Clampdown on Payday Lending continues ñ Citizens Advice leads the charge
The crackdown on payday lenders intensified today as 'Pounds to Pocket', an online service owned by CashEuroNetUK, was condemned and banned for negligent advertising. In an email distributed to prospective consumers, the shady payday lender urged customers to indulge in an expensive short-term loan to finance their birthday festivities.
The email, containing a Happy Birthday message, was complained about by the consumer-orientated charity, Citizens Advice. It read: ìAt Pounds to Pocket, we'd like to wish you the best on your special day! Now you can apply for the money you need to enjoy your birthday worry-free.î
The charity took issue with what it perceived as the perpetuation of a ìworry-freeî outlook on taking out risky short-term loans, through the callous exploitation of the heightened happiness experienced by consumers on their birthday.
Citizens Advice chief executive, Gillian Guy, said: "Payday loans can add to financial worries, not take them away. It is irresponsible for any lender to promote a casual attitude to borrowing by suggesting using loans are worry-free and can be used to fund celebrations.
"Citizens Advice helps thousands of people each year who have been landed in debt because lenders failed to carry out checks to assess whether people can afford to repay.
The Advertising Standards Authority (ASA) documented the provision of a 20% discount on the first payment made on the day of the emailís distribution. Moreover, the speed with which the money would be transferred ñ a mere 10 minutes ñ was seen as further indicative of payday lender's encouraging irresponsible borrowing.
Making their decision on the matter, the ASA said: "While possibly desirable, having money to spend on birthday celebrations was unlikely to be seen as essential, and by encouraging recipients to take advantage of the service through a special offer discount for immediate application, Pounds to Pocket had urged a decision, thereby limiting the amount of time those interested in a loan were able to give to proper consideration.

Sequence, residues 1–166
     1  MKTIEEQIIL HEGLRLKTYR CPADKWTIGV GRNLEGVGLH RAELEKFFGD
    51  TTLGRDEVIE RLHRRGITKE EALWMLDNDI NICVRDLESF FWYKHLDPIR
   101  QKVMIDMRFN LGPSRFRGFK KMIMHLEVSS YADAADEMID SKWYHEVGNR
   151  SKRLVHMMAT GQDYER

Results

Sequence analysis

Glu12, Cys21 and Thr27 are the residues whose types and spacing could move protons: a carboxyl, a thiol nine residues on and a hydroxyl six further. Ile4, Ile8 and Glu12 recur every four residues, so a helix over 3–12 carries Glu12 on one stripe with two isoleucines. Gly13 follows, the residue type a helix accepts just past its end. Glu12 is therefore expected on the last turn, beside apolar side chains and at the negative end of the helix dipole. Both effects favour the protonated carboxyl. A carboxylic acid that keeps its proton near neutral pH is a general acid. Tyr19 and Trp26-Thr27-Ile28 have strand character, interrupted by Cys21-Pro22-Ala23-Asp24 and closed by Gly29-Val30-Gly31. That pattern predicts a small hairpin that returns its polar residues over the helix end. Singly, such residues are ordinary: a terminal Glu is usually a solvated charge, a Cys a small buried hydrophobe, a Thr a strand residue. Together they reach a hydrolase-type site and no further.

"We concluded that the email was irresponsible because it encouraged taking a short-term loan for frivolous spending and promoted the process of borrowing as trivial and without responsibility."
The ASAís ruling was welcomed by Citizen Advice, which appreciated the tough stance the regulatory body took on the issue. Gillian Guy surmised: "The ASA's decision to ban this advert sends a strong message to other payday lenders that this type of marketing is irresponsible and not appropriate.
"The ruling also demonstrates the power consumers have in making a stand against irresponsible advertising. Anyone concerned about a payday loan advert can report it to Citizens Advice or the ASA directly."
The brand behind Pounds to Pocket, CashEuroNetUK, recognised the significance of the decisions made by struggling families when taking out a short term, high-interest loan. However, they maintain they strove to ensure their ads were not aimed at unsuitable clientËle. Rather, they designed their campaign around clientís birthdays to show them they are valued by Pounds to Pocket and have taken the time to show them.
CashEuroNetUKís defensive remarks come at a time when payday lenders are already facing intense scrutiny. Following the surface of Ian Jordanís suicide due to mass debt accrued from a variety of payday lenders, and accusations of vulnerable savers being targeted by payday telemarketers, the industry is gaining a distasteful reputation.
Although, the email has been now been eradicated, the next unforeseen disaster appears to be round every corner. Calls for the FCA to clamp down on the entire industry have become more vociferous in recent weeks and the time to take action is nigh.